Beth Tenser, graphic artist and women's health advocate, dies

Beth Tenser, a graphic artist and women’s health advocate, died of amyotrophic lateral sclerosis, or ALS, on Nov. 16 at her Pikesville home. She was 50.

Born in Baltimore, she was the daughter of David Tenser, who owned a shoe business, and his wife, Myrna Pruzon, a bookkeeper at the Wolf Cohn women’s apparel shop.

Raised in the Colonial Village section of Pikesville, she was a 1986 graduate of Pikesville High School, where she played lacrosse and softball.

She obtained a bachelor’s degree at Elmira College and received a master’s degree in graphic design from Adelphi University, both in New York. She was an active Adelphi alumna and created a scholarship fund. Over the years she assisted students with their tuition bills.

She lived in New York City for several years and worked for a book and paper conservator. She used her training in graphic design to clean and restore vintage but damaged comic books. Among her projects, Ms. Tenser restored the 1938 Action Comics book in which the Superman character first appears.

Following her work as a restoration artist, she moved back to Baltimore and took a position as a designer for the beer distributor, Bond Distributing Co., where she worked for 14 years. She headed its in-house graphic design department.

She designed beer and liquor-related advertisements that were displayed at both Oriole Park at Camden Yards and M&T Bank Stadiums, as well as Pimlico Race Course.

She told her friends that she had found an ideal job because it combined her enthusiasm for sports and creative design.

A photographer, Ms. Tenser took action shots of ballplayers on the fields.

“She loved local teams and sent her best photographs to the players,” said her father, David Tenser of Pikesville. “She was a people person and had a spirit — she wanted to leave the world a better place.”

Ms. Tenser enjoyed singing and had a good voice. She sang in the Pikesville Alumni Choir, and was invited to sing the National Anthem at Oriole Park.

For seven years she was a volunteer in New York City for the Macy's Thanksgiving Day Parade and walked the parade route in costume.

After being diagnosed with ALS in 2010, Ms. Tenser increased her charitable work. She set up a 2014 Mercy Medical Center fundraising event, BRAnanza, to support survivors of breast cancer. She was its founder and honorary chair.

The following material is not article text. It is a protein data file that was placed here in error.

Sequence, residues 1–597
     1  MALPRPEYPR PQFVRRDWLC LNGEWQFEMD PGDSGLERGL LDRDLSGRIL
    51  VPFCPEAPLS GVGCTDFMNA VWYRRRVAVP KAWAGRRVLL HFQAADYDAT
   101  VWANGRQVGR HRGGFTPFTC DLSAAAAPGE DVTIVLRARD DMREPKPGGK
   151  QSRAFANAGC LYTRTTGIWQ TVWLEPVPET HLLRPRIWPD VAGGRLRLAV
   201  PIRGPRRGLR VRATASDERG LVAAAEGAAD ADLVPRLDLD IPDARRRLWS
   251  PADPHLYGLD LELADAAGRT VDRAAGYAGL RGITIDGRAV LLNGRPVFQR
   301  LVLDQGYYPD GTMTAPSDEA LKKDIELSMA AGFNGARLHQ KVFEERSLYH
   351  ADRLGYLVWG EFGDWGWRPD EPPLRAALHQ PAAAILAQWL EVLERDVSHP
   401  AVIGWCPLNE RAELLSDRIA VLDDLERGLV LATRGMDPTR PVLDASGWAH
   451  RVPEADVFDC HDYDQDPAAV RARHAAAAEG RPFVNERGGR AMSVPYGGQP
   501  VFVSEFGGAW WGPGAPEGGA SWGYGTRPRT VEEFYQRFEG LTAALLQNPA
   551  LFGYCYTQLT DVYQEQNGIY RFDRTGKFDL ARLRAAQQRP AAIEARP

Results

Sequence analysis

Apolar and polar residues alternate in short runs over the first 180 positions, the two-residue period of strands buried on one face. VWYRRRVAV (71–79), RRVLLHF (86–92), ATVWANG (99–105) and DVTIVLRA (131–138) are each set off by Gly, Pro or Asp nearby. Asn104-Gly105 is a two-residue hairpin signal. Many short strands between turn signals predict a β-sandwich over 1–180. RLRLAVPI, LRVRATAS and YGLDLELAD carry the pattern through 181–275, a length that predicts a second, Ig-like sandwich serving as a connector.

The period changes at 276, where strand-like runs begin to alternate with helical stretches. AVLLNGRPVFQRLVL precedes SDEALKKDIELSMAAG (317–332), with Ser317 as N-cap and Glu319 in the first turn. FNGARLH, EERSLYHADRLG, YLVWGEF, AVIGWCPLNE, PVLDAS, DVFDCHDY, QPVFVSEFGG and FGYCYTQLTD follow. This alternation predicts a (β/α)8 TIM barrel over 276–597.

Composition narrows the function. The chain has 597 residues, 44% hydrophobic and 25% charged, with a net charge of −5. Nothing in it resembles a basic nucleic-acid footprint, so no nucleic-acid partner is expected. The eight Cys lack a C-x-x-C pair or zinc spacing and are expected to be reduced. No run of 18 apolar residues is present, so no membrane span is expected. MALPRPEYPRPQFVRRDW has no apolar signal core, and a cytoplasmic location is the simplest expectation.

A Gilchrist Hospice publication profiling her work noted: “Beth founded an art exhibition and fundraising event in which designers turn ordinary bras into works of art that are auctioned off to raise money for women’s health — a cause that became close to her heart after two of her friends were diagnosed with breast cancer. Despite the progression of ALS, which has left her unable to move most of her body, she often stays up late into the night, asking celebrities and others for fundraising support via social media.”

“It’s my purpose to give back,” Ms. Tenser said in the Gilchrist article.

The organizers of the fundraiser designed a Wonder Woman-themed work of art.

“Beth loves Wonder Woman and we think she is a ‘wonder woman’ herself,” said Gilchrist Hospice music therapist Emily Mahoney in the publication.

“She provided an inspiration to those of us who worked with her on the committee,” said Carmel Gambacorta, director of special events for Mercy. “She gave the spark that created the event at the Mercy Women’s Health Center. I had tremendous admiration for her.”

She was a member of Beth El Congregation.

Services were held Nov. 18 at Sol Levinson and Brothers.

Rabbi Steve Schwartz of Beth El Congregation said in his eulogy: “Beth never stopped living, even when the challenges were beyond daunting. She had a zest, a spirit and an energy all her own. She was a creative force to be reckoned with. In the time she had, she lived as fully as anyone possible could.”

In addition to her father, survivors also include a brother, Barry Tenser of Owings Mills; and nieces and nephews.

jacques.kelly@baltsun.com

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